Lip ties can often be treated with a minor surgical procedure known as a frenulectomy. This involves releasing the tight band of tissue under the lip by making a small cut in the lip. The procedure can be performed in an office-based surgery or in a hospital. Most children only require local anesthetic to numb their lips, however, general anesthesia is sometimes required for younger children.

The procedure is quick and most children can return to their usual activities within a day or two.

Frenulectomies are relatively simple procedures and have few associated risks or complications. Risks may include excessive bleeding and infection. These risks are low, provided you follow any post-op care instructions provided to you by your surgeon.

Velamentous attachment (also known as “velo-cardio-facial syndrome”)

There is a rare type of lip tie that is connected in a way that it can affect the heart and blood vessels (cardiovascular system). This is known as a Velamentous Attachment of the Lower Lip. It occurs when the tissue under the bottom lip (the undersurface of the vermilion) attaches to either the upper gum or the bottom of the nose. It can also involve the palate and sometimes even the eye.

A Velamentous attachment is more than a simple lip tie and can cause a range of health problems. These include:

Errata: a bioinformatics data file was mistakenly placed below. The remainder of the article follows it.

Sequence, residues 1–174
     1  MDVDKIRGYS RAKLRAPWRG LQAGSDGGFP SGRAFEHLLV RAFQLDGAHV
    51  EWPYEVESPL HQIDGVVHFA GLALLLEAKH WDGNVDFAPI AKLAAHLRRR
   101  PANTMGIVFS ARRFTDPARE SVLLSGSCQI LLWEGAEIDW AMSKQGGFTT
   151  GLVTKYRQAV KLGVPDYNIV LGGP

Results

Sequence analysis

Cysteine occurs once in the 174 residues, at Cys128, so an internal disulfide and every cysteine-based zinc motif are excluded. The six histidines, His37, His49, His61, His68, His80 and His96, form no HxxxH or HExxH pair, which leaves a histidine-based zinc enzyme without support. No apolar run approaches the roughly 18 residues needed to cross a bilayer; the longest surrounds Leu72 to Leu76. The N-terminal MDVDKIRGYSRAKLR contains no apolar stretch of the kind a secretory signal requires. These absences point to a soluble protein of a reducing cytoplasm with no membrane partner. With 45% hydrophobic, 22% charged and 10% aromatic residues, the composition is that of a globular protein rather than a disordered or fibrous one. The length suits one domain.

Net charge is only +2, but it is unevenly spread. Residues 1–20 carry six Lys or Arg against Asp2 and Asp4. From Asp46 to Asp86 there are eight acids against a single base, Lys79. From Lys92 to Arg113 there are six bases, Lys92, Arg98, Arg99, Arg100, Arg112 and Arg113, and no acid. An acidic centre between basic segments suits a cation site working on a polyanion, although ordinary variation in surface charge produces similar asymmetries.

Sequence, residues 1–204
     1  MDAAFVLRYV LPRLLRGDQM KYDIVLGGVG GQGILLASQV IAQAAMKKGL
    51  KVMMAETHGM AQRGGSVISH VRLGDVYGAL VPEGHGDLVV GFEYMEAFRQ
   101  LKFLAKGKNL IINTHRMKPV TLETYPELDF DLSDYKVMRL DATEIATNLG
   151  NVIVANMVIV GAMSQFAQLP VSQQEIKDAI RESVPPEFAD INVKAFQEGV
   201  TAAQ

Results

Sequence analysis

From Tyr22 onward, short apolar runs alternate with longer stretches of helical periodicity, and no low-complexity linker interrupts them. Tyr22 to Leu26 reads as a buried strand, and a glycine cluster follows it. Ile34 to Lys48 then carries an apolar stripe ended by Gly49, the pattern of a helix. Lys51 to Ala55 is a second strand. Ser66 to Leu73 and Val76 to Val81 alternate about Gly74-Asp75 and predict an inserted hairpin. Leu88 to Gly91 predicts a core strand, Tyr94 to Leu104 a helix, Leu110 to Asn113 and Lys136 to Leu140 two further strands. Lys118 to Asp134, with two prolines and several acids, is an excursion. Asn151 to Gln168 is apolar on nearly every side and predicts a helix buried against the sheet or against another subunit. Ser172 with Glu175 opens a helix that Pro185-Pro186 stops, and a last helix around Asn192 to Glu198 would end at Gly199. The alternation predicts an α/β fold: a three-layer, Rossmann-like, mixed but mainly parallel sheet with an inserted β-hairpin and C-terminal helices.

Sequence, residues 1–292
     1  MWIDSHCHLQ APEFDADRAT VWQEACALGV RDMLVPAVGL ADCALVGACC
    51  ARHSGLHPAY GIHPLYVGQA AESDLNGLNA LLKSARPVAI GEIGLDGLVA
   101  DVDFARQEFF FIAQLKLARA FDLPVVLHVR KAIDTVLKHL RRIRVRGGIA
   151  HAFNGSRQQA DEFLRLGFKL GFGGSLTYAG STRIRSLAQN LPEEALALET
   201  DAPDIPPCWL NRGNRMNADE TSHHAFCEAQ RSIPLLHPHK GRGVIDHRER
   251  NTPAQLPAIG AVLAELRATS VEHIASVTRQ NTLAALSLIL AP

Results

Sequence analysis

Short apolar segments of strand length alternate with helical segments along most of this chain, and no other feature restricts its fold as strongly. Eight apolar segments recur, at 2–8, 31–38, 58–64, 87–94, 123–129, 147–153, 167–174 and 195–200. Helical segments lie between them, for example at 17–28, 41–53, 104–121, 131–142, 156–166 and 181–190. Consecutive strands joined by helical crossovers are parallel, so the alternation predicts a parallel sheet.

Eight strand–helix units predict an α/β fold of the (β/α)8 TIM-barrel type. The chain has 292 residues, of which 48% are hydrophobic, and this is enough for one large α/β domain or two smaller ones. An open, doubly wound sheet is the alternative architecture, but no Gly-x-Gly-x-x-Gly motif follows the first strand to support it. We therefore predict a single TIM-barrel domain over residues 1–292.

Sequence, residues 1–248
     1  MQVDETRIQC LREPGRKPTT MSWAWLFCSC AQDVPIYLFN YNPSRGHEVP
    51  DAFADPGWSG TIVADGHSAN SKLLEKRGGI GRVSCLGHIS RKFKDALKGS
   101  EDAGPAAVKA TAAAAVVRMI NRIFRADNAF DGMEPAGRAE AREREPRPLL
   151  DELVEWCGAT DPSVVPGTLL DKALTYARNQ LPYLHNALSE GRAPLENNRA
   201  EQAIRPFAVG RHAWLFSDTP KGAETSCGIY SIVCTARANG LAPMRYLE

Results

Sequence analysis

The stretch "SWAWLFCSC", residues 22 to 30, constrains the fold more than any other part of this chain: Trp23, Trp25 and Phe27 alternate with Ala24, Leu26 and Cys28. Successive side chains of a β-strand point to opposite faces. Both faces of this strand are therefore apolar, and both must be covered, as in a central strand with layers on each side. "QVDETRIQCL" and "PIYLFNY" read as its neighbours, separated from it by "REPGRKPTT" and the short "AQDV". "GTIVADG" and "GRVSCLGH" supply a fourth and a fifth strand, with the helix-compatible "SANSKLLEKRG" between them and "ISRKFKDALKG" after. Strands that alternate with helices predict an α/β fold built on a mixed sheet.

obstructive sleep apnoea (stopped breathing during sleep)

repeated ear infections

trouble feeding

breathing difficulties

If your child was born with a Velamentous attachment, they will need to see a pediatric cardiologist and otolaryngologist (ear, nose and throat specialist). Depending on the severity of other symptoms, treatment may involve observation without surgery (watchful waiting), or surgery.

Although Velamentous attachments are rare, if your child has any of the above symptoms, make sure you seek treatment from a medical professional.

How do I know if my child has a lip tie?

Most babies get a little drool during sleep and this is completely normal. If your baby has excessive saliva (known as Persistent Drooling), they may have difficulty swallowing, and this can cause their clothing to become wet with spit.

Sources & references used in this article:

Incidence and Prevalence of Tongue-Tie by AK Hazelbaker, C Baeza, CW Genna… – Clinical …, 2017 – connect.springerpub.com

Tongue-tie (ankyloglossia) and breastfeeding: a review by KL Berg – Journal of Human Lactation, 1990 – journals.sagepub.com

Tongue-Tied: How a Tiny String Under the Tongue Impacts Nursing, Speech, Feeding, and More by DM Baxter – 2018 – books.google.com

Ankyloglossia: incidence and associated feeding difficulties by AH Messner, ML Lalakea, J Aby… – … –Head & Neck …, 2000 – jamanetwork.com

The healing power of play: Working with abused children by E Gil – 1991 – books.google.com

Ankyloglossia: assessment, incidence, and effect of frenuloplasty on the breastfeeding dyad by JL Ballard, CE Auer, JC Khoury – Pediatrics, 2002 – Am Acad Pediatrics

Hemangiomas in children by BA Drolet, NB Esterly, IJ Frieden – New England Journal of …, 1999 – Mass Medical Soc

The handbook of child language by P Fletcher, B MacWhinney – 1995 – researchgate.net